— Yes, by itself it had no special weight. It should, however, draw attention to two of his political aspect. First, in the late 1920-ies the Soviet propaganda, trying to win the favor of the international community, began to use peaceful slogans. Promoting the idea of “the Soviet Union — the state of peace-loving people”, the Bolsheviks decided to use the Pact of Briand-Kellogg to make the neighbors a “special offer”. They were asked to sign an additional agreement with the Soviet government not to wait for the ratification of the Covenant, and to enter its provisions into effect. The Litvinov Protocol only repeated the theses signed in Paris the agreement.
Secondly, the Soviet proposal for Warsaw looked interesting because it got all the European neighbors of the USSR. The poles understood that it will not have a special impact contacts with Moscow, but agreed to the contract, because it creates a sense that all neighbors of the Soviet Union work together and unanimously enter into a agreement that will consolidate the borders in Eastern Europe.
The foreign press (particularly German and French) declared that the Litvinov Protocol is a de facto nonaggression Pact, although with this kind of international agreement a General he was little. I must also add that the honour to speak on behalf of all European neighbors had Polish Ambassador Stanislaw Pateco (Stanisław Patek). It was an important gesture not so much in political but in terms of propaganda.
The poles realized that this is another Soviet hoax?
— Of course. You can bring this illustration: during a meeting of Jozef Pilsudski with the Deputy Minister of foreign Affairs Alfred Vysotsky (Alfred Wysocki) on the subject of this agreement, the Marshal rose from his chair and pointed to a certain part of the body, saying that the agreement for him to one place.
Once Pilsudski eloquently stated what he thought about the agreement with the USSR, and in Europe believed that the Litvinov Protocol is the non-aggression Pact, why in 1932 needed to sign another document?
The Litvinov Protocol was a multilateral Treaty, and Marshal Pilsudski believed more effective bilateral agreements. He was a supporter of bilateralism, believing that relations between States are particularly effective are those contracts in which mutual assurances we give each other are only two sides. Two sovereign States are easier to negotiate than, for example, five, as in the second case, there can be differences in the interpretation of the signed text.
Following this concept, the Polish diplomacy, led by Minister of foreign Affairs August Zalesky (August Zaleski) (the most important decisions remained thus for Pilsudski), was of the opinion that the USSR should sign a bilateral non-aggression Pact. The Polish leader, apparently, wanted a way to show Germany that Poland has room to maneuver because it is able to overcome differences with Russia.
In 1930 there are new opportunities. The political system of the Weimar Republic in crisis, which led to the destabilization of the country. The future of German-Soviet relations, based on “the concept of Rapallo”, was called into question. An even greater threat to the Soviet side was the Japanese invasion of Chinese Manchuria in October 1931. The Kremlin was thinking, is this the first step to attack the Soviet Union. In fact, these plans the Japanese were not, but Stalin and his men were afraid. However, Polish diplomacy could not know about it.
Let me remind you that Russia for many centuries has adhered to the principle that to fight on two fronts impossible. Following this idea, Stalin ordered Litvinov to the Commissioner as soon as possible to complete after seven years of negotiations with Poland. He wanted at all costs to ensure peace in Europe in the event of which seemed to him the real prospect of war with Japan.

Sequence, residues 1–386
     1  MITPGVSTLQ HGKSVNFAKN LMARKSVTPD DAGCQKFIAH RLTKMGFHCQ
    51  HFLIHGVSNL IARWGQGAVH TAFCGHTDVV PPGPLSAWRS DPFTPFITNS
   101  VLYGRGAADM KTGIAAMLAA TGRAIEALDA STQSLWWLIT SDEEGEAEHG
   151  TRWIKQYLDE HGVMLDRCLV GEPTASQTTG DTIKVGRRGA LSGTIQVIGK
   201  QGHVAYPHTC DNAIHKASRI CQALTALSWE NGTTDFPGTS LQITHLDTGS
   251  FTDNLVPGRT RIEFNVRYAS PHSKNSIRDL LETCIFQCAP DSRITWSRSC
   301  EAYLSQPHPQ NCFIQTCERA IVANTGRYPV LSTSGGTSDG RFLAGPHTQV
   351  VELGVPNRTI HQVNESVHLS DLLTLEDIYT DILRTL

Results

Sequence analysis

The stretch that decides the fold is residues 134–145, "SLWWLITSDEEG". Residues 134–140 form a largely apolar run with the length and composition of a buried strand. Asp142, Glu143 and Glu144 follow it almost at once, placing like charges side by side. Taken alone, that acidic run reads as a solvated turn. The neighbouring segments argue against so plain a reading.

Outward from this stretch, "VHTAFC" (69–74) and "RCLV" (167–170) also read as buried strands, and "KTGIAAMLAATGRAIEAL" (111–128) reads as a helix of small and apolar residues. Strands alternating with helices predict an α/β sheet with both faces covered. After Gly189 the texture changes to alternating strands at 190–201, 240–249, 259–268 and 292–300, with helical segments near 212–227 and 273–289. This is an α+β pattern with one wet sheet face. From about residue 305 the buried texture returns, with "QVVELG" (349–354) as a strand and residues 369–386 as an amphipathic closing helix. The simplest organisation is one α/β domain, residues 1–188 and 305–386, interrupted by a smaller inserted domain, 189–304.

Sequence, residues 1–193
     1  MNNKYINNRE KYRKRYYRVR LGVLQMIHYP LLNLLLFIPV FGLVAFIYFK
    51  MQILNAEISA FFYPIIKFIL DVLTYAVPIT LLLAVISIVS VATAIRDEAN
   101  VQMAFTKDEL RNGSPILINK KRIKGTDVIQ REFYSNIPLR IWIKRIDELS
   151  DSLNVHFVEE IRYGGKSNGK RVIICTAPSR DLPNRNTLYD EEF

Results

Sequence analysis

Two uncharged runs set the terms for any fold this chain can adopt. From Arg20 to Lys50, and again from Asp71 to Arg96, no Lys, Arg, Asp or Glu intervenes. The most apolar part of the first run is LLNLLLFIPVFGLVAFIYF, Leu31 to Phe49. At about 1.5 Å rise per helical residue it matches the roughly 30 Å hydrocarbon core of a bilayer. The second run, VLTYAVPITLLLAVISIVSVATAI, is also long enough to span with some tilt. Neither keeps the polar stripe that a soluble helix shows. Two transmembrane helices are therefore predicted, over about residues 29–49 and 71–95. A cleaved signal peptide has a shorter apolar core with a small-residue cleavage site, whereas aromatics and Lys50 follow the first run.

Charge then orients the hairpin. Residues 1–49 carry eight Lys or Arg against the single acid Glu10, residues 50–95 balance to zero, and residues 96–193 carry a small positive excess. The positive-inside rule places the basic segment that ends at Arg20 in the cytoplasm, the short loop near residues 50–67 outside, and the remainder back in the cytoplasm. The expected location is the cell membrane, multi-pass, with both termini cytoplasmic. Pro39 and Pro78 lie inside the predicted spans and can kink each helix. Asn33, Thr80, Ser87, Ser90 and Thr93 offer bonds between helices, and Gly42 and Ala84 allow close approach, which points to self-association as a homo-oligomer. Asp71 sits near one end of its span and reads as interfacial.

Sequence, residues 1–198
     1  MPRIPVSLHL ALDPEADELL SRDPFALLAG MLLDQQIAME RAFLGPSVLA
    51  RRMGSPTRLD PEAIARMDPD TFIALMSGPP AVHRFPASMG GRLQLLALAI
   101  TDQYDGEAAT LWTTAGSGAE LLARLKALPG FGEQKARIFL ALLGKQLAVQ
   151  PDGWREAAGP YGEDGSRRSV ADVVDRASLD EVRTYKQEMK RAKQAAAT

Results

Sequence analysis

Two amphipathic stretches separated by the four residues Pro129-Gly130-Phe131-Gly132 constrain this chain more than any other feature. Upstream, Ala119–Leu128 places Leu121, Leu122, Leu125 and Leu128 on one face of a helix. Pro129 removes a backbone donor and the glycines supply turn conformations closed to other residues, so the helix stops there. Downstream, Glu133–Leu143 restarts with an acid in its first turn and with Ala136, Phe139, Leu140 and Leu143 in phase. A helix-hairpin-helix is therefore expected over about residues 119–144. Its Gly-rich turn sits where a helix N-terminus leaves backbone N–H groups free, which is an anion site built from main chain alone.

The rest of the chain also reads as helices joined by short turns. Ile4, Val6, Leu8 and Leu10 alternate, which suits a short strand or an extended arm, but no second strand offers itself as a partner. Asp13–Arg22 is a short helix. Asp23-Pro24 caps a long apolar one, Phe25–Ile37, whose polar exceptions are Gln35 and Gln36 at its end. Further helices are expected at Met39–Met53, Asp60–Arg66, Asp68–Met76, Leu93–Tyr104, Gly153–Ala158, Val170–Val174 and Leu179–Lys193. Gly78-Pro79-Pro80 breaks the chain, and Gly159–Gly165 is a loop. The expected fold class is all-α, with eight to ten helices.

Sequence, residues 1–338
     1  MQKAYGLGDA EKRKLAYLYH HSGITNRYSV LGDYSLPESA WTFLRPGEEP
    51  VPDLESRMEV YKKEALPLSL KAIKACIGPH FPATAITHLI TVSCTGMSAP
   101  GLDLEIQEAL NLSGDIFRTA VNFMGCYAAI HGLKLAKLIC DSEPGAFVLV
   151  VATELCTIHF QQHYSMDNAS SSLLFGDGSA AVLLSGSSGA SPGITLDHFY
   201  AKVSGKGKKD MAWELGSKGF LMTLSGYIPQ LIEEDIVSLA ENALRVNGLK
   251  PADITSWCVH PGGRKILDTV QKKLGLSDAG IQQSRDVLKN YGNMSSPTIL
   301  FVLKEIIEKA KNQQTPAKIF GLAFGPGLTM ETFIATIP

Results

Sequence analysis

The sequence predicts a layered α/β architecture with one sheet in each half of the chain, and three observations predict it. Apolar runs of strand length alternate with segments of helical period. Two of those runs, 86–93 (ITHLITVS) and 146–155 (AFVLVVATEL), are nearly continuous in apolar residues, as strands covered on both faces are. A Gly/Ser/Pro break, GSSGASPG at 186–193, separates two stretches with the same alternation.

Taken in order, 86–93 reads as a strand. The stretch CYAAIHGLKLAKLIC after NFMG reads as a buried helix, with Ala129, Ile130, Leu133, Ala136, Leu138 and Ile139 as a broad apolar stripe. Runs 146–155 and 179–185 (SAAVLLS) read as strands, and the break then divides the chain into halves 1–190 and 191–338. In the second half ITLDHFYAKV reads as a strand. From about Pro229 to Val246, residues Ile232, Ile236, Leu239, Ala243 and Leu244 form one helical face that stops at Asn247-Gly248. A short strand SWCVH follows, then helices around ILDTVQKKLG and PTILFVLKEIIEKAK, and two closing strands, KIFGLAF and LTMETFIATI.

I believe that Soviet dictator more scared it was a clash with the Japanese, and not the destabilization of Germany. Some historians also point to other circumstances. 1929-1930 years is the beginning of universal collectivization of the village in the USSR. Perhaps, Stalin wanted to ensure peace for the duration of this “reform.” In my opinion, a special role in Polish-Soviet negotiations is not played.
I should add that the Polish government was pleased with Moscow’s willingness to make concessions, it was a good time, as relations between Warsaw and Berlin at the moment escalated. Germany, beginning in 1930, put forward the increasingly insistent demands on the movement of the boundary with Poland. So the poles after very complex negotiations failed in the end, to overcome the last disagreements with the Soviet Union.
— What were those differences?
— The main point of contention was the demand of the Polish diplomacy that the Soviet Union also signed a non-aggression Pact with Romania. At the very last stage, the poles refused. By the way, Romanian politician Titulescu (Nicolae Titulescu) showed a hostile attitude to Poland, and in Warsaw suspected that he wants to prevent the creation of a Polish-Soviet Alliance.
Another controversial issue may seem from today’s point of view is very strange. International law at the time declared that the Pact needs to be fixed right the League of Nations to intervene through the arbitration proceedings. Simply put: we sign the contract, and if in the future someone will do it, the League will be able to give his assessment of the situation. Moscow on such a condition did not agree, saying that the League of Nations is anti-Soviet organization of the capitalist countries (the USSR attitude to it has changed only in 1934). The final phase of the negotiations the Polish government, seeking as quickly as possible to sign the Treaty, refused formula, providing for the right League.
— In today’s international politics, the concept of “non-aggression Pact”?
In post decade, such agreements have been very common form of security guarantees. To conclude they sought, of course, warring with each other state. Most often neighbors with a common border, but not only: for example, in 1932, a Treaty signed by the USSR and Italy, which separates a long distance. The States that have signed the non-aggression Pact, promised to renounce the use of force against the second side and gave guarantees of territorial integrity. An unusual example of this type of document, the name of which there is no direct reference to the content, was the guarantee Pact signed at Locarno.
International law, its norms, formats guarantees evolyutsioniruet, therefore now almost no one enters into such contracts. Recently, the proposal to sign such a document had been received only from North Korea to the US (but not against South Korea). In any case, Washington continues to reject it.
— Thank you for the interview.